“That show was the first time we saw so many industry people from so many countries and we developed lots of interesting contacts. We have had many, many people wanting to be Displax dealers in their countries and established many projects that we will begin working on.” At ISE the Displax stand was tucked away at the back of Hall 11 and could be easily missed. However, Fonseca says the word went round quickly. “Many people were interested and were telling people what they had seen so it’s spreading by word of mouth now as well. We’re expecting this to generate some very, very big projects for us.

“We’ve had to take a guy out of our marketing department simply to handle the leads,” he continues. “We are now 65 people but I think this will grow very soon, especially on the sales and production side.”

Fonseca says the product should be launched during the second or third quarter of this year and claims everything is going to plan. He is also confident that the company will be able to meet the demand he has been developing over the last few months. “The good thing that we have done is to show the prototype so we have started to understand the market, which is a new market for us. We need to understand the demand to prepare the company in terms of production. We have to prepare the logistics, the sales and the product development.”

For the future, Fonseca wants to ensure Displax remains committed to product development. He adds: “We are going to be very active in supporting dealers all over the world. Multi-touch will be standard in two years. I think that within two years nobody will want to have a single touch screen even if they’re still available. We’re bringing this product to the market before the others and we’re offering a reliable product so our future is going to be concentrated on our production and helping our dealers across the world to get the product installed.”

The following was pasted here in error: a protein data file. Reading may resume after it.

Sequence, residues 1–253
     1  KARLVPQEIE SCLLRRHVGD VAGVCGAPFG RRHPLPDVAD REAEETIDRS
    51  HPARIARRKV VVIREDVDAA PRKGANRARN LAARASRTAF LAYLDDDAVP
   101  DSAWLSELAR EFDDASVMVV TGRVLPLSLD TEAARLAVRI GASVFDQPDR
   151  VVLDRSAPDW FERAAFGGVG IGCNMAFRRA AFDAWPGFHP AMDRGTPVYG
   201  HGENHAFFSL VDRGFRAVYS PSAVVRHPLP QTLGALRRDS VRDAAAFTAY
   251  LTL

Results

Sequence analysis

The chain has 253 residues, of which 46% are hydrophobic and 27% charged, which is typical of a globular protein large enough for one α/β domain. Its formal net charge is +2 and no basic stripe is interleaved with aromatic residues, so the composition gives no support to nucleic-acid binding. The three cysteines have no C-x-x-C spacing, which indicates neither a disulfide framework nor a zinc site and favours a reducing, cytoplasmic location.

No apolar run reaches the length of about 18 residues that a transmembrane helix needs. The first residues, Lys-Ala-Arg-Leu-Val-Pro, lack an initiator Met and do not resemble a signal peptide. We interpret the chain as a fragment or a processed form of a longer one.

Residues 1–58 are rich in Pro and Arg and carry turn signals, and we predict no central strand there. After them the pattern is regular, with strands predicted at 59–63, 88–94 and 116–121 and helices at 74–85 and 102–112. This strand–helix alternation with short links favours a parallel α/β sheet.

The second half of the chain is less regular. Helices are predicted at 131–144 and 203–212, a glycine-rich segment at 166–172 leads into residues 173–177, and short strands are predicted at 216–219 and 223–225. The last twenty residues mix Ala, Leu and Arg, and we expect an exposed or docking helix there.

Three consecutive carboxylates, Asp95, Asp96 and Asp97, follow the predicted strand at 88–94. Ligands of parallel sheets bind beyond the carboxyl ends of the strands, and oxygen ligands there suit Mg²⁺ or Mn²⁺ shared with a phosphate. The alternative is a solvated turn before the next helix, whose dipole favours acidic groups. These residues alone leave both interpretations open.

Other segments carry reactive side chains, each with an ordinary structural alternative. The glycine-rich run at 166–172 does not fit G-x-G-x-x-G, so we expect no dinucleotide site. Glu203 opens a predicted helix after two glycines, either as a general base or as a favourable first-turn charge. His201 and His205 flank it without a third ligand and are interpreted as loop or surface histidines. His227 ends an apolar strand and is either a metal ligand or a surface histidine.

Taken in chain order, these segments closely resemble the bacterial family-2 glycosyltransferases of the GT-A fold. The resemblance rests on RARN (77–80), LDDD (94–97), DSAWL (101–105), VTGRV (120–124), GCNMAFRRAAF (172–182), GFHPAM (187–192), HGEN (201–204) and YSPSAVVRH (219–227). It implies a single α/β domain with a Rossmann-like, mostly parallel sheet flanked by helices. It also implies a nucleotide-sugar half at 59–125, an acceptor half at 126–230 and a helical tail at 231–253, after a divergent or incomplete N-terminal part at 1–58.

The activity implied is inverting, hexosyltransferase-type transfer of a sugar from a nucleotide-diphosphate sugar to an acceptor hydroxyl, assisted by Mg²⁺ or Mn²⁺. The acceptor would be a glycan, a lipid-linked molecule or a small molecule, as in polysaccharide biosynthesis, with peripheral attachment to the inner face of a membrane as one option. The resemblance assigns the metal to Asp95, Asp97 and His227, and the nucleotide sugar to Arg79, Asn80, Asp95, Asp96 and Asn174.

One thing Displax has always been strong on is the installation and integration of its own products. I asked Fonseca if he would leave this side of the business behind as the company became more involved in high volume production. The answer was an emphatic no. “I want to stay involved in the projects,” he says. “We have an end customer approach because the company thinks with two hats – one for products and the other for projects. [The projects] are still very important because you can test the products in real environments. Displax has bases in Portugal, Spain and this year we will open a company in Brazil. This is important because we will go directly to the end users in these countries and actively support dealers. We are very strong when working with end users and we have a great project team. We have people making content, knowing how to install and we have all that knowledge, which is still very important to us.”

Finally, I asked Fonseca about reports suggesting that there had been some kind of dispute between Displax and interactive foil developer Visual Planet. There are rumours that Visual Planet is displeased that Displax had used its ViP Interactive Foil in the prototype without crediting the company. Visual Planet is also developing a touch controller of its own so may start to see Displax as competition. Fonseca quickly discounted the fact that there could be a potential problem saying the company was still in talks with Visual Planet, as well as other foil manufacturers.

Having been with the company from its conception and steering it along a steady upward path, Fonseca is very much a part of Displax and an important factor in its success. It’s definitely a company to keep an eye on over the next year as it delivers a product, which carries massive expectations, to a market that seems to be clamouring for it.